TORONTO - Lawyers for various corporations thronged an Ontario Superior Court hearing Tuesday, arguing over whether the judge has jurisdiction over an effort to restructure $32 billion worth of frozen asset-backed commercial paper - and if he does, whether he should amend, delay or reject the plan.
It was standing room only as dozens of lawyers crowded into the largest courtroom at the downtown building, arguing over the plan laboriously developed by a committee backed by large holders of non-bank ABCP that seized up in August.
The plan is based on replacing the short-term notes with long-term debt reflecting the maturity of the underlying assets, enabling big institutions such as the Caisse de depot et placement du Quebec - the country's biggest pension manager - to avoid massive writedowns and retain hope of eventually recouping all or most of their money.
At the same time, investment dealers that sold ABCP to small investors have undertaken to make sure that holders of less than $1 million worth of the notes will soon receive their full principal back.
Stuck in the middle are corporations and wealthy individuals who urgently need millions or tens of millions of dollars they placed in now-crippled ABCP. They are asking Justice Colin Campbell to declare them a separate class of investor, giving them more influence in the proceeding under the Companies' Creditors Arrangement Act.
Investors are scheduled to vote Friday on the restructuring proposal from the so-called Pan Canadian Committee headed by Bay Street lawyer Purdy Crawford.
One of the contentious aspects of the Crawford committee proposal is a provision that would prevent lawsuits against banks and securities dealers that sold the tainted ABCP.
Another issue was confusion over the number of votes that corporate clients would receive under the plan, prompting one lawyer to ask for a delay until full disclosure on the value of the assets could be provided.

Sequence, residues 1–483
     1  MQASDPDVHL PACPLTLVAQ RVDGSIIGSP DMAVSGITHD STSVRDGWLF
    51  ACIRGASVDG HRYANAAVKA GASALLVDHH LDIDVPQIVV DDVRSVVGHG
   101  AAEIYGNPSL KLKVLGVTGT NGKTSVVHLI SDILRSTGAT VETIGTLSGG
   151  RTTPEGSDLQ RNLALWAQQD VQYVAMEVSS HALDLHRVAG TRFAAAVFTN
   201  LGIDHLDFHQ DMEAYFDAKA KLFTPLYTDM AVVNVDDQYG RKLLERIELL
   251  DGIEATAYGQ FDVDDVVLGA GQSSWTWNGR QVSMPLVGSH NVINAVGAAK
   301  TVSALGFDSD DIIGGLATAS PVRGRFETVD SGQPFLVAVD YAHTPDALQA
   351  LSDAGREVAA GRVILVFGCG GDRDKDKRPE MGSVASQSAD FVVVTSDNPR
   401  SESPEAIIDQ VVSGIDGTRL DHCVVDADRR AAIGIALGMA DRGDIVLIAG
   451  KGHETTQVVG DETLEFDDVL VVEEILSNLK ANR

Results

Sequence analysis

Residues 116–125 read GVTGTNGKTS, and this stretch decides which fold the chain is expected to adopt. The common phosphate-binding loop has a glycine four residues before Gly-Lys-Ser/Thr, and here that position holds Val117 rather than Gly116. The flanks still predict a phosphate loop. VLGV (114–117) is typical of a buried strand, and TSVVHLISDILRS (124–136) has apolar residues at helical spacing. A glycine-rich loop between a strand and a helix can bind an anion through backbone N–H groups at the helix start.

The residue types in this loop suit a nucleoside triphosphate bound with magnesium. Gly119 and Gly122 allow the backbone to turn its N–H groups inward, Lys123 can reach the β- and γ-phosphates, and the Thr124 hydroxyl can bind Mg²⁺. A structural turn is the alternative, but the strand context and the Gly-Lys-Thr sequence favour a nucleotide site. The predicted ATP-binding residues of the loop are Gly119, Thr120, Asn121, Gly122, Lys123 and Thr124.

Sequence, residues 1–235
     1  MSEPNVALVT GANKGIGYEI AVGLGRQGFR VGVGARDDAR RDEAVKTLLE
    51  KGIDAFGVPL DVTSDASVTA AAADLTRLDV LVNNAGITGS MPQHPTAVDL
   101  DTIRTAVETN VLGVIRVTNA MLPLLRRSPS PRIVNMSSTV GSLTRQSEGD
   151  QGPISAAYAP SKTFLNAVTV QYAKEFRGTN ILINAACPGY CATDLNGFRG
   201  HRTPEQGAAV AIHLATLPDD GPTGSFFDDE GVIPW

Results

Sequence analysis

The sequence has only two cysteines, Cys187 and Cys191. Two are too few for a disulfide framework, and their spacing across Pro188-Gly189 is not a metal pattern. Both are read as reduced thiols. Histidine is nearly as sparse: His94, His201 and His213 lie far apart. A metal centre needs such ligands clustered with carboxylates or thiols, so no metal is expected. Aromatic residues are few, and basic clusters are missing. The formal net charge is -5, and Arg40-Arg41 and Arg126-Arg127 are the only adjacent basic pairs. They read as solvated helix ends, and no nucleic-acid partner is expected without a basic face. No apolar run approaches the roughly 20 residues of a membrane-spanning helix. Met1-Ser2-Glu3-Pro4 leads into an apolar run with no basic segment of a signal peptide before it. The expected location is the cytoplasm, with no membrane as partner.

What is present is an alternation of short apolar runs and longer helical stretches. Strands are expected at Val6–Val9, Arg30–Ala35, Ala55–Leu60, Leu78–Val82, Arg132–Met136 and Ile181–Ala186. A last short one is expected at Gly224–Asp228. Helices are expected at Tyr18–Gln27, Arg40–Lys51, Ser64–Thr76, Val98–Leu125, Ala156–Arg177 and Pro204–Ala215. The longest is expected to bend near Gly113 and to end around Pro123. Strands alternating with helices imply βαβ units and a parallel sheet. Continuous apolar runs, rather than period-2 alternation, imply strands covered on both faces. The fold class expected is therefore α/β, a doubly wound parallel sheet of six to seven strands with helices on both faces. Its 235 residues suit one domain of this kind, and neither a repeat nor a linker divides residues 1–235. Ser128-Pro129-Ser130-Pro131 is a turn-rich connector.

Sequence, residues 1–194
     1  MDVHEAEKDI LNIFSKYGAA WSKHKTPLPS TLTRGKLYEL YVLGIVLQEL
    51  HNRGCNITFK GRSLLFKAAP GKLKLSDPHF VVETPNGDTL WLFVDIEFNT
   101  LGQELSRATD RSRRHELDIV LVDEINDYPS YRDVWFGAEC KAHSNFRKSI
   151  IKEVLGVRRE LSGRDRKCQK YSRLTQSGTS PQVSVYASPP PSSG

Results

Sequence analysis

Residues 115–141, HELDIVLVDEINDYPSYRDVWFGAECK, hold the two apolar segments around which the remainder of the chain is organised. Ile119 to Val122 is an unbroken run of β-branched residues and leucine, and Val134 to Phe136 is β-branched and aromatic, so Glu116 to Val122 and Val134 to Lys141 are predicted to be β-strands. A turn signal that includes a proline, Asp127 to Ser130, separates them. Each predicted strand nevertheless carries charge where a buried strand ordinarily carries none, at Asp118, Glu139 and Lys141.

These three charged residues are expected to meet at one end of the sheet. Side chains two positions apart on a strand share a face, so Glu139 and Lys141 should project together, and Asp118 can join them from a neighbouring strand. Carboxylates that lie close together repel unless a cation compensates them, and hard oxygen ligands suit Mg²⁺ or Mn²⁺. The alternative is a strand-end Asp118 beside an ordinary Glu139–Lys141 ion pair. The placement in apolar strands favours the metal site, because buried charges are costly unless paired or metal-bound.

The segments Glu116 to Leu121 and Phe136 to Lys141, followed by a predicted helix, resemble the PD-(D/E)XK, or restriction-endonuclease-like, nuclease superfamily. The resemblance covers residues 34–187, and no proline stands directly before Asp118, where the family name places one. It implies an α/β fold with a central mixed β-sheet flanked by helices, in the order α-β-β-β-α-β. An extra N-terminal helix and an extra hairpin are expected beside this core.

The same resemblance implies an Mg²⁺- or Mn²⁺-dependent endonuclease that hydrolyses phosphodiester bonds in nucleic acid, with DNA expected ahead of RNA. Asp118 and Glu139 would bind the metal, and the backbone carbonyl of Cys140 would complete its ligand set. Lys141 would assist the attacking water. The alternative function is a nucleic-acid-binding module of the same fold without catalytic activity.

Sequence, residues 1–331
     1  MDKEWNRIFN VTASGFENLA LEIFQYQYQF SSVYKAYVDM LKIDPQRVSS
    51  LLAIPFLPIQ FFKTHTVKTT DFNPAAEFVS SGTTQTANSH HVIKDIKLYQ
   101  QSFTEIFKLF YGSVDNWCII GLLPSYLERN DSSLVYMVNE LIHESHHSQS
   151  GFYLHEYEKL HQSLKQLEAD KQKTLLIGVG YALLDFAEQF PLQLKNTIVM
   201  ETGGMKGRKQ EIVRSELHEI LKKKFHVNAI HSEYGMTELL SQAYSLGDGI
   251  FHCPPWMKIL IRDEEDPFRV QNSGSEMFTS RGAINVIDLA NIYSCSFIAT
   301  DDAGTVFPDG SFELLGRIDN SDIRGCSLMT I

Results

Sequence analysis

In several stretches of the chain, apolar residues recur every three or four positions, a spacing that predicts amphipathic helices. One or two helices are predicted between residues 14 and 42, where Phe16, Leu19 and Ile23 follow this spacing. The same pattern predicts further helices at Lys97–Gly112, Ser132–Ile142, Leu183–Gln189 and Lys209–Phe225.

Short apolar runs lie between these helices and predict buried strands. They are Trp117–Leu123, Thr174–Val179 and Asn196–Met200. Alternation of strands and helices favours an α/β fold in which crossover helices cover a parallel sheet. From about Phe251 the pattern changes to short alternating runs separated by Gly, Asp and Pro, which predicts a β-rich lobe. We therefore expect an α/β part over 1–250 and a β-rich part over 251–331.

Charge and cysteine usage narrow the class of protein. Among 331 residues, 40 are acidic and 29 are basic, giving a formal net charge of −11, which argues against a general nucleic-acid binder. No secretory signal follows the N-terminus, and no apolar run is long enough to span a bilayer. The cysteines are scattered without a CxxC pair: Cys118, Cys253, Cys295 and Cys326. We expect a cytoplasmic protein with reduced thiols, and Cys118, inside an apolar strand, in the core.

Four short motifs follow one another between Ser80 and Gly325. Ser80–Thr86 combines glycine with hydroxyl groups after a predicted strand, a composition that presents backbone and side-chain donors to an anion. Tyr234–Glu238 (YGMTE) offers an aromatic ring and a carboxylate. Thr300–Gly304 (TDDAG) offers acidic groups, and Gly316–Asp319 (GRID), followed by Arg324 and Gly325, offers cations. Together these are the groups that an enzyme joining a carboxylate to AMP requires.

After hearing from several lawyers, Campbell said he was getting the impression that the corporate representatives wanted to "crater the plan" and scrap the vote.
"That's what I'm hearing time and time again," Campbell said.
Earlier, a lawyer for a group of Alberta-based junior oil and gas companies said two of his clients who invested in the asset-backed investments are on the "brink of bankruptcy." He said that receiving another form of commercial paper rated by the Dominion Bond Rating Service is "not much solace to them or their shareholders."
Also Tuesday, the chief federal banking regulator said Canadians seeking to lay blame for the ABCP seize-up should look elsewhere than at the Office of the Superintendent of Financial Institutions.
Superintendent Julie Dickson stressed that OSFI does not oversee the firms that created non-bank ABCP, nor does it regulate the foreign banks that provided the bulk of the ABCP liquidity lines that choked in August.
"It is important to get to the bottom of what happened and OSFI fully supports these efforts and will continue to provide input into this process," she added.
"There are a number of factors that contributed to the current situation and I believe a fulsome discussion and review are critical."
Dickson said OSFI's role, as supervisor of federally registered deposit-taking institutions, insurers and pension plans, is to promote a sound banking sector in Canada to protect depositors.
But large and small investors in non-bank ABCP - short-term notes based on assets such as car loans, credit-card receivables to mortgages - were outside its purview.
They have found their holdings frozen since mid-August, when the market for ABCP seized up because of fears the underlying assets included collapsing American high-risk mortgages.
The much larger amount of asset-backed commercial paper sponsored by the big Canadian banks was not directly impacted.
OSFI's Dickson said her agency's guidelines set appropriate capital requirements for Canadian banks and clarified securitization structures for buyers of bank-backed ABCP.
"It is clear that capital requirements on Canadian banks did not drive the uniqueness of the non-bank ABCP market in Canada," she said.
At the same time, offshore banks that negotiated liquidity lines for Canadian non-bank ABCP conduits but then refused to step up and buy the notes when the market collapsed, citing a technicality over the definition of a market disruption, "are subject to the capital rules of their home countries."